On the heels of the Supreme Court decision that struck down the national right to abortion, Attorney General Merrick Garland issued a statement proclaiming that the Justice Department disagrees with the verdict. In addition to vowing to “work tirelessly to protect and advance reproductive freedom,” it indicated a potential avenue for the legal fight for abortion rights.
“[W]e stand ready to work with other arms of the federal government that seek to use their lawful authorities to protect and preserve access to reproductive care,” he said. “In particular, the FDA has approved the use of the medication Mifepristone. States may not ban Mifepristone based on disagreement with the FDA’s expert judgment about its safety and efficacy.”
Mifepristone has been approved by the U.S. Food and Drug Administration (FDA) for more than 20 years and is authorized for use during the first 10 weeks of pregnancy. It is taken in a regimen with the drug misoprostol and together the two drugs can safely induce an abortion. More than half of abortions in the U.S. are medication abortions.
Until recently, mifepristone had to be dispensed in person, but in December the FDA did away with the requirement, allowing the drug to be prescribed via telehealth and shipped by mail. While this change has expanded access to the drug, there has also been a push to reduce it. In September, for instance, Texas Governor Greg Abbott signed SB4, which banned abortion-inducing drugs after seven weeks and prohibited them from being mailed in the state. At least 19 states ban the use of telemedicine visits for medication abortion despite the FDA allowance, and many still require that a doctors prescribe the medication, even though the FDA does not.
Read More: What to Know About Abortion Pills Post-Roe
Garland’s mention of the FDA approval of the drug is a nod toward the federal preemption argument, says Rachel Rebouché, interim dean of Temple University Beasley School of Law. That argument is based on the premise that where federal and state laws conflict, the federal law prevails. In this case, that would mean a safety and efficacy determination by the FDA, a federal agency, would take precedence over a state’s tighter restrictions on a given drug.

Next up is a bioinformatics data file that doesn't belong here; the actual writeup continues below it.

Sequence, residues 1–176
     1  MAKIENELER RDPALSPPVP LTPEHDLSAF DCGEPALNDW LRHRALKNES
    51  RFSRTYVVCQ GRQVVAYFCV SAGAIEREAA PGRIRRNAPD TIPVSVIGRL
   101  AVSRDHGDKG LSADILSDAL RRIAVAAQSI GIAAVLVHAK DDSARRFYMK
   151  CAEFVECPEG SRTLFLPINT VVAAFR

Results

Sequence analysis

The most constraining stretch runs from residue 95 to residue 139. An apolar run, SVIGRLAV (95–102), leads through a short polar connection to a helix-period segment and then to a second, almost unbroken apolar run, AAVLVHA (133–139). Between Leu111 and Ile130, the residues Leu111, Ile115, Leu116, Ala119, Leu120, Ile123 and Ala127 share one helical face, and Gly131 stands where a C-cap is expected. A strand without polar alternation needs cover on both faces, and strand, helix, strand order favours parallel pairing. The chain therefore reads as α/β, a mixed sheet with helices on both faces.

But while it’s clear that states cannot legalize drugs that the FDA does not approve, explains Greer Donley, assistant professor at the University Pittsburgh Law School, the legal question here lies in the reverse scenario. “The argument is that FDA regulation of mifepristone is not only the national floor, which everybody accepts,” Donley says. “The question is whether the FDA’s regulation is also the national ceiling. Can a state regulate the drug more harshly than the federal government?”
If a court were to decide FDA regulation is the national ceiling, and that no state may regulate drugs more strictly than the federal government, then even states with total state abortion bans – and, according to the Guttmacher Institute, 26 states are likely to or certain to ban abortion without Roe — would have to make exceptions for medical abortions.
For that reason, Donley was glad to hear Garland and President Joe Biden reference mifepristone in their responses to the Dobbs ruling. “It indicates that they are aware of the theory, and that they support it,” Donley says. “The question is whether or not they’re actually going to move forward and file a lawsuit, and whether they’re going to support these lawsuits moving forward.”
Medical abortions may be the next frontier of the legal fight for abortion rights across the country. GenBioPro, the generic manufacturer of mifepristone, had already filed a lawsuit based on the preemption argument in federal court against Mississippi for its ban on telemedicine for abortion. Earlier this month, the judge said he would consider waiting for the Supreme Court to issue its Dobbs ruling before deciding how to proceed.
Rebouché says she expects more people to turn their attention to mifepristone and the question of whether states can legally outlaw the use of abortion pills now that Roe has officially fallen. “Medication abortion is going to take up a lot of our thinking and time and advocacy on both sides of the question,” Rebouché adds. “I think what a lot of people are thinking is it’s a pretty key aspect to what abortion services actually look like moving forward.”
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